Once retinal tracers are approved, however, the uses for such tracers will likely expand, and eventually they may be used to detect a wide range of proteinopathies and neurodegenerative diseases. Indeed, many in the field of Alzheimer disease research already anticipate that retinal biomarkers will be used to identify preclinical stages of Alzheimer disease and facilitate the use of interventions designed to stop the disease or slow its progression.6 Current biomarker tools used in the Alzheimer disease field, such as amyloid PET imaging and CSF testing, tend to be limited in their availability, expensive, time-consuming, and more invasive than retinal tracers.
“Retinal physicians and ophthalmologists aim to evaluate the whole patient,” says Dr. Schwartz, “and we already are intimately involved with multiple subspecialists and generalists to improve outcomes for our patients, whether they have diabetes or hypertension or collagen vascular diseases or cancer. Some patient conditions are first diagnosed in the eye; in these cases we refer patients out to other specialists. In other cases, conditions are diagnosed by outside specialists and referred in. Regardless of the referral patterns, the availability of exciting new tools such as retinal tracers should be a real step forward when it comes to improving our ability to care for our patients.” RP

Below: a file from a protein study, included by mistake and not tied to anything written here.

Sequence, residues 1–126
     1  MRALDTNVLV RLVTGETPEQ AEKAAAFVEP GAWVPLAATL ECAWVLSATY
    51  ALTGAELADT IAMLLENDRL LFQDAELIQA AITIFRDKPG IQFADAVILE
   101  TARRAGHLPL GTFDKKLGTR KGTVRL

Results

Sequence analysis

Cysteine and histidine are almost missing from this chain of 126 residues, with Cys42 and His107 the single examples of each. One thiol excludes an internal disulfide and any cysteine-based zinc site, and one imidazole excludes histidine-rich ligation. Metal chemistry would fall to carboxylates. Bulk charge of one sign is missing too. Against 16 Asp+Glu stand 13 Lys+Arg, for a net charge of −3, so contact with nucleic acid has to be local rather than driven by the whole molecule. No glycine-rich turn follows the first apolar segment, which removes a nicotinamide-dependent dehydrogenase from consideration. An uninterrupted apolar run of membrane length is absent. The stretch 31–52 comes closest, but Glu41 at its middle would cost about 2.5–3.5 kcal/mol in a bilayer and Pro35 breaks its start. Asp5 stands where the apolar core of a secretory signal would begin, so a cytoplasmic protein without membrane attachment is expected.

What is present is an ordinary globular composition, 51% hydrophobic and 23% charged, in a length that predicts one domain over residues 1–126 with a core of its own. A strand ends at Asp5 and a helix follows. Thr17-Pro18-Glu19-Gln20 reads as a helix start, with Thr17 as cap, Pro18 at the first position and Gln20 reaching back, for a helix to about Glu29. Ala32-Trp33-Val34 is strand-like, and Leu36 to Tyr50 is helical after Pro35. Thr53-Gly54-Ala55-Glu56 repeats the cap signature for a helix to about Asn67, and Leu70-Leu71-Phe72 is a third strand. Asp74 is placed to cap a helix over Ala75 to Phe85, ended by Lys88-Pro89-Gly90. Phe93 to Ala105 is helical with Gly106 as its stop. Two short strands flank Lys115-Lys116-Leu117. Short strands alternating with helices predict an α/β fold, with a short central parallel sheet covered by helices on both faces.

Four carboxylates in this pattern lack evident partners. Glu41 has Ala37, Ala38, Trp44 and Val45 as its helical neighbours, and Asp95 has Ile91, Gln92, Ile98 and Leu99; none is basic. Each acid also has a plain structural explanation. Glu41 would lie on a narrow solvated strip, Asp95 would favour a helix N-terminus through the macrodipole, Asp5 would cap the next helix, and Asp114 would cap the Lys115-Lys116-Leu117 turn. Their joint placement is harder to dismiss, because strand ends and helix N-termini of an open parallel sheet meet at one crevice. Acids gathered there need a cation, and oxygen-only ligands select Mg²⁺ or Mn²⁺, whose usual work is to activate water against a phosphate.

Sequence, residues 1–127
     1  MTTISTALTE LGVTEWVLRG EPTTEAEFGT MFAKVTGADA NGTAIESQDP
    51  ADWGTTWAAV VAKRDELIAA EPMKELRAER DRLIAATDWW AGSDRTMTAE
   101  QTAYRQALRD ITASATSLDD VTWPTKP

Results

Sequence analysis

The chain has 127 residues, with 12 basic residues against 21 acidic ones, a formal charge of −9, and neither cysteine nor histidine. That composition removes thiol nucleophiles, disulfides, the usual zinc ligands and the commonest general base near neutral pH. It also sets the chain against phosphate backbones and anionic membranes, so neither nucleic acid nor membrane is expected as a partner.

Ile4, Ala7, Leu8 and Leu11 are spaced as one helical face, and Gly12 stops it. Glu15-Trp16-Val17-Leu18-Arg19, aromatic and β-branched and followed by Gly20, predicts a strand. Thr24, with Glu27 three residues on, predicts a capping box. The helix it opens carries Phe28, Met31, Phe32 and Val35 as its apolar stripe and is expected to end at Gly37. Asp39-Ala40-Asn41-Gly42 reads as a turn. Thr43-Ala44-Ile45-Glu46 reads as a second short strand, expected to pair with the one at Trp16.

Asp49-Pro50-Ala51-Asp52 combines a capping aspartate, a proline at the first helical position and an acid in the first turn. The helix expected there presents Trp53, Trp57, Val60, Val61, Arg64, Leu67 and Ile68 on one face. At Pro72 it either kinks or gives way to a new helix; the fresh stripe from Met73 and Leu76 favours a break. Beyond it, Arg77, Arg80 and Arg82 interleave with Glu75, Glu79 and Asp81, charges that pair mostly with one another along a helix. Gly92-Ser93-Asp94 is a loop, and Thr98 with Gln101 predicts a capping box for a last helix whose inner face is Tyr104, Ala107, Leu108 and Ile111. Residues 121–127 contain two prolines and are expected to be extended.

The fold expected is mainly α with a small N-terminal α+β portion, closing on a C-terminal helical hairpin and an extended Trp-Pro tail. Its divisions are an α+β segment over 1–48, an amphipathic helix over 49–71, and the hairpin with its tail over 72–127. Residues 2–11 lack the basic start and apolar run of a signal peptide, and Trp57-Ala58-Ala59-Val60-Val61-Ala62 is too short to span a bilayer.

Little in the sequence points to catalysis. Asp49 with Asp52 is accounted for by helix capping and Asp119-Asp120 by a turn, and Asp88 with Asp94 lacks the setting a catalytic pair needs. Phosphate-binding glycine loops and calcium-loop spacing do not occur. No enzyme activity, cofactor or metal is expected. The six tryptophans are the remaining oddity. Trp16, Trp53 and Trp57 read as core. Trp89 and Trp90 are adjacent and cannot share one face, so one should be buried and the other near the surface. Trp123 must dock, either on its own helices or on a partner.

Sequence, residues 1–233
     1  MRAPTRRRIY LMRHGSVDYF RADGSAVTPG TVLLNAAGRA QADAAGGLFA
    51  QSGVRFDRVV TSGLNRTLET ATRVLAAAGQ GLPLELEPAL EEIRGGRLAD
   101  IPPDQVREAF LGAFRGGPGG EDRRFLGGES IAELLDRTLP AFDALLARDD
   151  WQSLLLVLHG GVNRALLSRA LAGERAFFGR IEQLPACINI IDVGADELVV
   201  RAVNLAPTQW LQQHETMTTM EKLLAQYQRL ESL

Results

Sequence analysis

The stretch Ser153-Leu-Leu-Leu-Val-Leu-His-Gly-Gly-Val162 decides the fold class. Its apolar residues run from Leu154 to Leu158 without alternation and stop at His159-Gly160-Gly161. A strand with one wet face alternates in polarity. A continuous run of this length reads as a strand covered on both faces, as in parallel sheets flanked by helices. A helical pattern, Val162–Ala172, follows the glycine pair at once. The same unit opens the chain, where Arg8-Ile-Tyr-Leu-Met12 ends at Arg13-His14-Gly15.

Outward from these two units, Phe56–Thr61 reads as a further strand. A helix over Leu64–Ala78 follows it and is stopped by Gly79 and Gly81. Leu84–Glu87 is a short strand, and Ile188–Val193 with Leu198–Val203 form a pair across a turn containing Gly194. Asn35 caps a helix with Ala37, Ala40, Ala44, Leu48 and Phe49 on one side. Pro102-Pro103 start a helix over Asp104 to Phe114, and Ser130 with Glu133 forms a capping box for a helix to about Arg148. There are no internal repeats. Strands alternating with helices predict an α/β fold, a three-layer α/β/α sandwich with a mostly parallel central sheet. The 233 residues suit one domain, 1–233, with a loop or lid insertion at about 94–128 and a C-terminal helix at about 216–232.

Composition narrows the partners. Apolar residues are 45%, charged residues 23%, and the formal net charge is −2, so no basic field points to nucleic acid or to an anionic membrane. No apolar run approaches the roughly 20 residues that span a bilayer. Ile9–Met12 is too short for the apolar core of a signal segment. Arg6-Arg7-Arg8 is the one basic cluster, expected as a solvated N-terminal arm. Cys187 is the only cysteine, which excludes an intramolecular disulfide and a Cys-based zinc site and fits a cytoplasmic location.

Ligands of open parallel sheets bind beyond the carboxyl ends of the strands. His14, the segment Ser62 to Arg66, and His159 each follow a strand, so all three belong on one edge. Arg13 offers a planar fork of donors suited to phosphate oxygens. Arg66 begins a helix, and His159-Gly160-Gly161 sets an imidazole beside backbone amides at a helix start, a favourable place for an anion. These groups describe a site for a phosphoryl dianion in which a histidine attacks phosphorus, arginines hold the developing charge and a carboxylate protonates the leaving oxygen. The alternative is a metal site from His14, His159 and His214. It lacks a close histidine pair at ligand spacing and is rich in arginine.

Editor’s note: Listen to discussion of this article on the Retina Podcast at www.retinapodcast.com .
- Petzold A, Balcer LJ, Calabresi PA, et al. Retinal layer segmentation in multiple sclerosis: a systematic review and meta-analysis. Lancet Neurol. 2017;16(10):797-812. doi:10.1016/S1474-4422(17)30278-8
- La Morgia C, Ross-Cisneros FN, Sadun AA, Carelli V. Retinal ganglion cells and circadian rhythms in Alzheimer’s disease, Parkinson’s disease, and beyond. Front Neurol. 2017;8:162. doi:10.3389/fneur.2017.00162
- Ortuño-Lizarán I, Beach TG, Serrano GE, Walker DG, Adler CH, Cuenca N. Phosphorylated α-synuclein in the retina is a biomarker of Parkinson’s disease pathology severity. Mov Disord. 2018;33(8):1315-1324. doi:10.1002/mds.27392
- Constable PA, Marmolejo-Ramos F, Gauthier M, Lee IO, Skuse DH, Thompson DA. Discrete wavelet transform analysis of the electroretinogram in autism spectrum disorder and attention deficit hyperactivity disorder. Front Neurosci. 2022;16:890461. doi:10.3389/fnins.2022.890461
- AMDX-2011P retinal tracer in subjects with neurodegenerative diseases associated with amyloidogenic proteinopathy (PROBE). ClinicalTrials.gov Identifier: NCT05542576. Updated October 26, 2022. Accessed November 18, 2022. https://clinicaltrials.gov/ct2/show/NCT05542576
- Snyder PJ, Alber J, Alt C, et al. Retinal imaging in Alzheimer’s and neurodegenerative diseases. Alzheimers Dement. 2021;17(1):103-111. doi: 10.1002/alz.12179.